Note to recruiters

Note to recruiters: We are quite aware that recruiters, interviewers, VCs and other professionals generally perform a Google Search before they interview someone, take a pitch from someone, et cetera. Please keep in mind that not everything put on the Internet must align directly to one's future career and/or one's future product portfolio. Sometimes, people do put things on the Internet just because. Just because. It may be out of their personal interests, which may have nothing to do with their professional interests. Or it may be for some other reason. Recruiters seem to have this wrong-headed notion that if somebody is not signalling their interests in a certain area online, then that means that they are not interested in that area at all. It is worth pointing out that economics pretty much underlies the areas of marketing, strategy, operations and finance. And this blog is about economics. With metta, let us. by all means, be reflective about this whole business of business. Also, see our post on "The Multi-faceted Identity Problem".

Thursday, August 11, 2016

INNOVATION: World’s First Parallel Computer Based on Biomolecular Motor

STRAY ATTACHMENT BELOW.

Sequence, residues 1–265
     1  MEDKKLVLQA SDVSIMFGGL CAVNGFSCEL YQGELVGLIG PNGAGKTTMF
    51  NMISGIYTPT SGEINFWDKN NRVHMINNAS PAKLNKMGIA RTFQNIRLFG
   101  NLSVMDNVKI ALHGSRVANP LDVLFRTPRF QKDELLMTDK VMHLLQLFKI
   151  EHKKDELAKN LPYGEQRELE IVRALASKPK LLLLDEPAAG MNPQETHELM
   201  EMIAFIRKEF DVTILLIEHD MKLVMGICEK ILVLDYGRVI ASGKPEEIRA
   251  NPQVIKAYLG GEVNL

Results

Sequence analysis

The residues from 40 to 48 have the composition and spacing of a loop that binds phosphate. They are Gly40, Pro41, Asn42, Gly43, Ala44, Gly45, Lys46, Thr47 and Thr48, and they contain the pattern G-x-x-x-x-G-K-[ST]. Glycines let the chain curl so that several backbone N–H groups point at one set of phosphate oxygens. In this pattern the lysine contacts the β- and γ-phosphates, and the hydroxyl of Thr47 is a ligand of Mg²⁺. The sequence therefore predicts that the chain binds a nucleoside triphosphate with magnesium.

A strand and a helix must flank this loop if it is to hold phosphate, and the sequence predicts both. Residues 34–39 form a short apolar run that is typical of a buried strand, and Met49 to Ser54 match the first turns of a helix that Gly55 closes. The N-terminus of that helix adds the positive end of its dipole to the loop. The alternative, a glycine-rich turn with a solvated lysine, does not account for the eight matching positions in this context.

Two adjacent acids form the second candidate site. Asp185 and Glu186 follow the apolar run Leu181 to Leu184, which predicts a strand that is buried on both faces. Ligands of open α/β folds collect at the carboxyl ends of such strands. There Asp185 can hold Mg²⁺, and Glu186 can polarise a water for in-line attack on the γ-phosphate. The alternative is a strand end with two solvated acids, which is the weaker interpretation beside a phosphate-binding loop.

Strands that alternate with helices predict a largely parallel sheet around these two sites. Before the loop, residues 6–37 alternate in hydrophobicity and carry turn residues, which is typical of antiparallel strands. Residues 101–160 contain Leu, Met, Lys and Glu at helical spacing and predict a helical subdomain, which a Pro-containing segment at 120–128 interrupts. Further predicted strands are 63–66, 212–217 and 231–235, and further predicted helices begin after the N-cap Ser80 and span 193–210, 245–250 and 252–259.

And now, news from Germany.
A new parallel-computing approach can solve combinatorial problems, according to a study published in Proceedings of the National Academy of Sciences. Researchers from the Max Planck Institute of Molecular Cell Biology and Genetics and the Dresden University of Technology collaborated with an international team on the technology. The researchers note significant advances have been made in conventional electronic computers in the past decades, but their sequential nature prevents them from solving problems of a combinatorial nature. The number of calculations required to solve such problems grows with the size of the problem, making them intractable for sequential computing. The new approach addresses these issues by combining well-established nanofabrication technology with molecular motors that are very energy-efficient and inherently work in parallel. The researchers demonstrated the parallel-computing approach on a benchmark combinatorial problem that is very difficult to solve with sequential computers. The team says the approach is scalable, error-tolerant, and dramatically improves the time to solve combinatorial problems of size N. The problem to be solved is "encoded" within a network of nanoscale channels by both mathematically designing a geometrical network that is capable of representing the problem, and by fabricating a physical network based on this design using lithography. The network is then explored in parallel by many protein filaments self-propelled by a molecular layer of motor proteins covering the bottom of the channels.